Very few bands have undergone the musical changes that Panic at the Disco have over the years and even less make it through retaining their former class. The American now-double act had just about managed it, until now. From the pop punk hallmark that was ‘A Fever You Can’t Sweat Out’, to ‘Pretty. Odd.’ (probably the most aptly named album of the 21st century) and ‘Vices & Virtues’. The number of members may have lessened and the sound may have changed but Panic At The Disco are still creating a stir with every new release, and rightly so. However, their latest release doesn’t justify the hype, with ‘Too Weird to Live, Too Rare to Die!‘ being their worst album to date.
‘Too Weird to Live, Too Rare to Die!’ will draw massive comparisons to ‘Save Rock and Roll’ and it probably should, because there’s a lot of similarities between the two. One is also a lot better, and it’s the latter. There are times on the former where you’d be forgiven for thinking you were listening to the latter, and vice versa. Urie sounds identical to Stump on some songs (‘This Is Gospel’, ‘Vegas Lights’) which is by no means a bad thing. It’s just that Brendon Urie no longer sounds like Brendon Urie. Like Stump there are vocal gymnastics aplenty but where Stump rides his momentum Urie simply drops off with his vocals being lacklustre on ‘Girls/Girls/Boys’ and a few other tracks. It’s a very strange dynamic considering his exceptional voice and capabilities. It sets ‘Too Weird To Live, Too Rare To Die!’ on a surprisingly mellow route and means the album never meets the soaring highs of past work. The instrumentals don’t really help proceedings, adopting a very electronic heavy approach, similarly to ‘Save Rock and Roll’. At times it sounds like the band is trying to soundtrack ‘Drive 2’, with a very retro feel to the songs here. A lot of the tracks simply plod along, which is painstakingly obvious from tracks five to nine, all of which sound very similar in the worst way.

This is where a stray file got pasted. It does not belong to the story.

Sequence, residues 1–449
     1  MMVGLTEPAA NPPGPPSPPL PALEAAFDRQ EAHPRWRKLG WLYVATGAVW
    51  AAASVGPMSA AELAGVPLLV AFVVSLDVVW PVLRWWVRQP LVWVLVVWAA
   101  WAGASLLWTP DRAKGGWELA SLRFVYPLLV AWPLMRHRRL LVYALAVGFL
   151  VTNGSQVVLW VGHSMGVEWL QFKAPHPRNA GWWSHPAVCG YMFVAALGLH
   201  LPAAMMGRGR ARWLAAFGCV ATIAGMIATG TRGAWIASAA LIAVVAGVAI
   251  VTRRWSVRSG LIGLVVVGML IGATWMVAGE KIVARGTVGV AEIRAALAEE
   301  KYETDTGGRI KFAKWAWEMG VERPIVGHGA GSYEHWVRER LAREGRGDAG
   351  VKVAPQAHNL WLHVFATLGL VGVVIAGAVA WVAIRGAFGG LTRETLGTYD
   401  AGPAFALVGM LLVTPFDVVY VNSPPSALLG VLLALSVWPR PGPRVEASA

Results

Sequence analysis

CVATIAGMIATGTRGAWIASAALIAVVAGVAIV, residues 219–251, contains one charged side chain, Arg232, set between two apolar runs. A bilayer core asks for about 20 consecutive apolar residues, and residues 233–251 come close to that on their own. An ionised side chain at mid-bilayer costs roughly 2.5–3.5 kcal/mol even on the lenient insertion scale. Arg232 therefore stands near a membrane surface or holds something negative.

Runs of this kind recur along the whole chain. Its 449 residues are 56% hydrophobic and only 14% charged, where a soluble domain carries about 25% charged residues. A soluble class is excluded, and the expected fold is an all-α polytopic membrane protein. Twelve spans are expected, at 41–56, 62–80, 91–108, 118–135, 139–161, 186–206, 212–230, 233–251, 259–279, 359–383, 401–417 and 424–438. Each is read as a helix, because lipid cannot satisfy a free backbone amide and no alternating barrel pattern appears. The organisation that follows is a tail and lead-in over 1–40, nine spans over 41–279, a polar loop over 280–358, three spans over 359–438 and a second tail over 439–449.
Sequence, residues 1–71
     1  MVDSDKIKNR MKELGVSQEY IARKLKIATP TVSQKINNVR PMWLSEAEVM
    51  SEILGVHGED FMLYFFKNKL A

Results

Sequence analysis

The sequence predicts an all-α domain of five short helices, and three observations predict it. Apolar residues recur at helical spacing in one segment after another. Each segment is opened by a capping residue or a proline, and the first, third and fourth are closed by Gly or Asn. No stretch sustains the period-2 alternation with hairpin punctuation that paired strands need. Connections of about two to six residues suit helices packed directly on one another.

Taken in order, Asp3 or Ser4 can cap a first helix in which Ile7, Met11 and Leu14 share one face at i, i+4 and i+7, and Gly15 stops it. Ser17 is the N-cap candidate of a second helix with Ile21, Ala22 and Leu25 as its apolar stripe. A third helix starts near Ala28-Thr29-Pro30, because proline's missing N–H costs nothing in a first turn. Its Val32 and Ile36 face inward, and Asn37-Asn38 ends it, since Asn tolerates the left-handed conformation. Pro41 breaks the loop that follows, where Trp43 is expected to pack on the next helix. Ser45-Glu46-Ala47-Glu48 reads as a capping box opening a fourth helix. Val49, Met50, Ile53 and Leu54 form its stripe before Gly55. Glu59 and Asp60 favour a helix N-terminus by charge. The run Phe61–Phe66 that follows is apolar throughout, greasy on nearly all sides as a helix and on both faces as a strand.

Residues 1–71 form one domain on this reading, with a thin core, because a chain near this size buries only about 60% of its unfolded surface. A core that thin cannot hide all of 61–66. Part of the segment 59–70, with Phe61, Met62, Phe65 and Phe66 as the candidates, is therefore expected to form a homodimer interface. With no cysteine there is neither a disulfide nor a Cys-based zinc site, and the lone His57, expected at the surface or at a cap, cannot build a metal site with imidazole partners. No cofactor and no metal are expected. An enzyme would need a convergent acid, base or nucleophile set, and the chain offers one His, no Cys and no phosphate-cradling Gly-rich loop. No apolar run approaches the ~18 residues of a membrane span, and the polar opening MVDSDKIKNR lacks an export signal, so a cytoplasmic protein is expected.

‘Casual Affair’ starts with an electronic intro which sounds a little like Enter Shikari whilst ‘Far Too Young To Die!’ contains the only real ‘rock’ driven section, and it just sounds out of place amidst an album that never really seems to contain an input from drummer Spencer Smith. The synth influence of Dallon Weekes is more apparent this time round which is probably fitting considering the album was inspired by Las Vegas. Weekes does well in emulating that retro and glamorous yet seedy feel and looked at from that angle ‘Too Weird To Live Too Rare To Die!’ is better. The opening two tracks are probably the best the album has to offer (‘This Is Gospel’ and ‘Miss Jackson’) and it makes sense they were chosen as lead singles, with the following seven tracks seeming poor in comparison. Oddly, closer ‘The End Of All Things’ was my favourite track, existing as a simple piano driven song, with Urie lamenting ‘Lay us down, we’re in love’. For me, it showed how good Panic At The Disco are, without any shimmering electronics, being poignant and touching. Lyrically I found the album to be lacking – ‘Collar Full’ adds a bit of creativity but the spark seems to have diminished significantly in terms of song writing. After a lot of change the album sees the band settle, but they’ve settled for a sound that isn’t as good as their past releases. Taken as a concept album it improves significantly but the songs here don’t compare to those that occupied their first three releases.
For me it all comes down to a lack of the energy that Panic At The Disco used to have. Even ‘Pretty. Odd’ was brimming with charisma and charm, and ‘Vices and Virtues’ had a few up-tempo rock songs. That energy seems non-existent on ‘Too Weird To Live, Too Rare To Die!’, bar a few dynamic choruses in the opening tracks. To me the whole thing seemed a little flat, and it’s a huge shame. I love Panic at the Disco (their debut album completely changed how I saw music) but I just can’t love this album and to be honest, I’m not even sure if I like it.
Rating – 5/10